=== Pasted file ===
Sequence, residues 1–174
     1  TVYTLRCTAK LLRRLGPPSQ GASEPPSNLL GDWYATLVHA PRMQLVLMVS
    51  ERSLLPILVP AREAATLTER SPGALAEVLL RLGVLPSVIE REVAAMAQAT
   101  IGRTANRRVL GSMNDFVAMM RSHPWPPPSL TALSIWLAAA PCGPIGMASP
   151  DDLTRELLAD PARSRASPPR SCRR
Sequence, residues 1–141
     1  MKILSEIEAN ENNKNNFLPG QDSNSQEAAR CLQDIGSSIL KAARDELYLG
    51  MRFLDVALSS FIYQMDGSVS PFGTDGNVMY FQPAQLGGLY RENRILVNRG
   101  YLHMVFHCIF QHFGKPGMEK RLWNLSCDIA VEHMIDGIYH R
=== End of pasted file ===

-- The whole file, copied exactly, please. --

Sequence, residues 1–174
     1  TVYTLRCTAK LLRRLGPPSQ GASEPPSNLL GDWYATLVHA PRMQLVLMVS
    51  ERSLLPILVP AREAATLTER SPGALAEVLL RLGVLPSVIE REVAAMAQAT
   101  IGRTANRRVL GSMNDFVAMM RSHPWPPPSL TALSIWLAAA PCGPIGMASP
   151  DDLTRELLAD PARSRASPPR SCRR
Sequence, residues 1–141
     1  MKILSEIEAN ENNKNNFLPG QDSNSQEAAR CLQDIGSSIL KAARDELYLG
    51  MRFLDVALSS FIYQMDGSVS PFGTDGNVMY FQPAQLGGLY RENRILVNRG
   101  YLHMVFHCIF QHFGKPGMEK RLWNLSCDIA VEHMIDGIYH R